Dr. Kenneth Young presented a compelling workshop called “What it Means to “Be In Christ” at the Do Justice Conference. Dr. Young is a systematic theologian at the University of Northwestern, St. Paul.
The workshop took an anthropological and sociological approach to looking at how the body of Christ is made up, and what it looks like when it is functioning for all people. Young began by identifying the trouble with multiculturalism. Young explained how most Christians have their priorities in the wrong order. Most Christians place family of origin and ethnicity as our primary source of identity.
Being in Christ is a collective experience. We are caught in this individualistic look in Christianity and it limits God.”
Whereas “Sonship in Christ” is experienced as our secondary source of identity. Young pointed to how we rank our source of identity, as a large part of the problem for why multiculturalism doesn’t work in the church.
Young explained the complexities of different cultures and people that make up the body of Christ. One of the main focuses was on how European Americans have to be able to know their history and what makes up their culture. When European Americans think they do not have anything to bring to the table, they are often defensive and not able to accept what others bring to the table. Christians (especially European American Christians) need to get in touch with their history and their culture, which is hard work, in order to be able to be in Christ.
What is stopping us from being multicultural in Christ?”
“Being in Christ is a collective experience” stated Dr. Kenneth Young. “We are caught in this individualistic look in Christianity and it limits God.”
Instead Young focused on how the body of Christ is collective, and that everyone can come to the table and be in Christ without being threatened, because we are secure in Christ.
Young posed this question to the audience, “What is stopping us from being multicultural in Christ?” Explaining that he believes the main sin that is stopping us from multiculturalism is idolatry and putting ourselves higher than others. When European Americans do not understand who they are, they believe they are neutral and expect other cultures in Christ to assimilate to their culture, believing that is what it means to be in Christ. Although, Young emphasizes, this is not God’s intended vision for what it means to be in Christ.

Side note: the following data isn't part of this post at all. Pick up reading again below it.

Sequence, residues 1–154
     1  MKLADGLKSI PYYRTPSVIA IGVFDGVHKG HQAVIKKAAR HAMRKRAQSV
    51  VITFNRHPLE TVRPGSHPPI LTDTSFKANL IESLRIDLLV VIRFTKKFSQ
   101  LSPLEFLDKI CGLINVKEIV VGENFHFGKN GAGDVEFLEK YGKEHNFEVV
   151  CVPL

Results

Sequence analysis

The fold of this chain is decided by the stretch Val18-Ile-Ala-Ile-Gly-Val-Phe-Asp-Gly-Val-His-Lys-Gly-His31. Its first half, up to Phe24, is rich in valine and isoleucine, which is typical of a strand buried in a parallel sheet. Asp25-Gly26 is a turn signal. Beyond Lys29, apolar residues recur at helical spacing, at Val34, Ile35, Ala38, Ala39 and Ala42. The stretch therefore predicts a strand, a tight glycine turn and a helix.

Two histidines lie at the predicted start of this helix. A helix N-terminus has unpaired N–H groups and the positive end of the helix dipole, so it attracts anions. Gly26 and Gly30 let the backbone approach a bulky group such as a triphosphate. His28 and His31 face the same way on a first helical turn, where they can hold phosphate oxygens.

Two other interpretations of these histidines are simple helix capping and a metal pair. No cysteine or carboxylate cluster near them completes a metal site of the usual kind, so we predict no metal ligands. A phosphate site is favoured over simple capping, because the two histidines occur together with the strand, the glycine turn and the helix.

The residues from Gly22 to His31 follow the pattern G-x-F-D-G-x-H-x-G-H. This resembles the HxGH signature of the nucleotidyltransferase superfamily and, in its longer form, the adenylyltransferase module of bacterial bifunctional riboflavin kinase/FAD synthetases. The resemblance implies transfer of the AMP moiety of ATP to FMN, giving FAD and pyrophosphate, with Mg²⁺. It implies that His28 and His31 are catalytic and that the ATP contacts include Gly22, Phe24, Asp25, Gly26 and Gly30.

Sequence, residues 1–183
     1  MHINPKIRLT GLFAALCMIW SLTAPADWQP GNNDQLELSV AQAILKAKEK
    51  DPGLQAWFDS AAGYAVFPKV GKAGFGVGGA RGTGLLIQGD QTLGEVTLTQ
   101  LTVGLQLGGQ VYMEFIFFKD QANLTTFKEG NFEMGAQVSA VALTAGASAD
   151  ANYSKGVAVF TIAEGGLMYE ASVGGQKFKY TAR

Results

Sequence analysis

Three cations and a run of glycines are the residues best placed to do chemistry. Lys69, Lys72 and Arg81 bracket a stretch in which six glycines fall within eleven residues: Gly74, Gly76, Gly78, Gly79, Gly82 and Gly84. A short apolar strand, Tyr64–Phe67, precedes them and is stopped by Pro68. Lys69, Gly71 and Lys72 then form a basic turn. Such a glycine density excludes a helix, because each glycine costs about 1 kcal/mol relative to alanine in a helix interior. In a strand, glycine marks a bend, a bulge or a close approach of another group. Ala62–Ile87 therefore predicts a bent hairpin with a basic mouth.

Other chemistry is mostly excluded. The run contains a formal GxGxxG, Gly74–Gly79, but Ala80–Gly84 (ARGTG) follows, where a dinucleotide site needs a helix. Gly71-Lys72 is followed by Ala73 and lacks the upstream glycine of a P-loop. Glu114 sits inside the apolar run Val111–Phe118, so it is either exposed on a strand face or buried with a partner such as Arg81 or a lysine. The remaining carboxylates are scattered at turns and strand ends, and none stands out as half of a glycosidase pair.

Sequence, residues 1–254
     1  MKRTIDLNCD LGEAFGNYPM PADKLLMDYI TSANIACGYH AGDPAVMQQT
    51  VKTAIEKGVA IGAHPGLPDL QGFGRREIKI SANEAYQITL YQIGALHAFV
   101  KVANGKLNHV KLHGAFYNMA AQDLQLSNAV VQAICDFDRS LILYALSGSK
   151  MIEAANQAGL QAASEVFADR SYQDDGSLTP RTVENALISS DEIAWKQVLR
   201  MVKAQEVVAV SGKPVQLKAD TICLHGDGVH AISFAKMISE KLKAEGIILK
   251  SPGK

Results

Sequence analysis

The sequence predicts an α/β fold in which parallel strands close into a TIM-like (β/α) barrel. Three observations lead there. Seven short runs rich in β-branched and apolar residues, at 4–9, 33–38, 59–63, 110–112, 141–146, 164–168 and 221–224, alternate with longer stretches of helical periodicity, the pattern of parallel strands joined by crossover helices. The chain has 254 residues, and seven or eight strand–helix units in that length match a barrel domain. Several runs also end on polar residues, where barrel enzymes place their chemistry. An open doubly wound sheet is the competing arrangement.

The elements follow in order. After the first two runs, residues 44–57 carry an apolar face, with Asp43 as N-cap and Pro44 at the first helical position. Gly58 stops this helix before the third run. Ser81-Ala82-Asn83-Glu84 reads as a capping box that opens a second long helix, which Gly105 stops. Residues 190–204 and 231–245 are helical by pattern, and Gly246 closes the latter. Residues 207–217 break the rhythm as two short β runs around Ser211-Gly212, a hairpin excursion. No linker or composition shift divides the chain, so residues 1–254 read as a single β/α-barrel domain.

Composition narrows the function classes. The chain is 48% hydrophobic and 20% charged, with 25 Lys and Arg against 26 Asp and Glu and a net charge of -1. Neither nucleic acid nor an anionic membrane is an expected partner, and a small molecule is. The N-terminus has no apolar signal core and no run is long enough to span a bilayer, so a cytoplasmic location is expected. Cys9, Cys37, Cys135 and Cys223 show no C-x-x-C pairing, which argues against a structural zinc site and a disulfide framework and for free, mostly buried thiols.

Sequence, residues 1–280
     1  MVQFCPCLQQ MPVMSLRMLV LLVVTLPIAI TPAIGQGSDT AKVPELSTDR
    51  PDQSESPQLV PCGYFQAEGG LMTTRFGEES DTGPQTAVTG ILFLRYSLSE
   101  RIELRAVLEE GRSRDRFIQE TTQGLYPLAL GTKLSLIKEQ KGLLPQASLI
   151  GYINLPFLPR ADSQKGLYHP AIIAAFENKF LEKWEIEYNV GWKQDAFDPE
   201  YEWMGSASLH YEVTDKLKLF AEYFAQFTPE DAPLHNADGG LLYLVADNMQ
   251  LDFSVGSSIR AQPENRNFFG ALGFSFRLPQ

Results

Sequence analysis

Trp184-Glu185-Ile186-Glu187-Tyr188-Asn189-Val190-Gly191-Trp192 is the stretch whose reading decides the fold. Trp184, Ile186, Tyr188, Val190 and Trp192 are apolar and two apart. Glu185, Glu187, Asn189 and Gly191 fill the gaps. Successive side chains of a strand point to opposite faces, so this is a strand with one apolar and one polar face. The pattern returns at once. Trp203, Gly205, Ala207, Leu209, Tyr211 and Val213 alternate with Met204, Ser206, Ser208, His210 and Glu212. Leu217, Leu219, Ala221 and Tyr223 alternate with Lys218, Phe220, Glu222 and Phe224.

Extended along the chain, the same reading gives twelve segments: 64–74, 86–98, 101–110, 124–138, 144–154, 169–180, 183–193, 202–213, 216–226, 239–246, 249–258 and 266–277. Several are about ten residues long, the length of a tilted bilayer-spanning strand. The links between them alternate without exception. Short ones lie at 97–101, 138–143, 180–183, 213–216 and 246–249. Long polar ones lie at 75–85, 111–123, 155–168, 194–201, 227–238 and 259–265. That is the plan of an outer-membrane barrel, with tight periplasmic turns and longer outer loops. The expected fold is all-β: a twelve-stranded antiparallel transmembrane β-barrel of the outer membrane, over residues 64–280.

Concluding the talk Dr. Kenneth Young explained that once European Americans are able to understand who they are and what they bring to the table, it creates an equal ground for all to approach. People can then recognize that the body of Christ is a collective combination of multiple cultures and everyone is allowed to bring their whole selves to the table without being threatened.
Recommended resource: The Trouble with Racial Reconciliation: Why John Perkins’ Theological Approach Works
Takeaways from Workshop attendees:
I like that he (Young) pulled in some sociological and anthropological concepts to help explain unity and disunity in those things instead of simply putting an out of context scripture reference in and saying Jesus will fix it. I wish more pastors were equipped to pull in what we learn from sociology and other disciplines in this work.”
– Pastor Edrin C. Williams, Sanctuary Covenant Church.
I enjoyed that there was audience interaction and that Young adapted based on the group as any good instructor does and I think that made it unique.”
– Jennifer Nordstrom, Northside Achievement Zone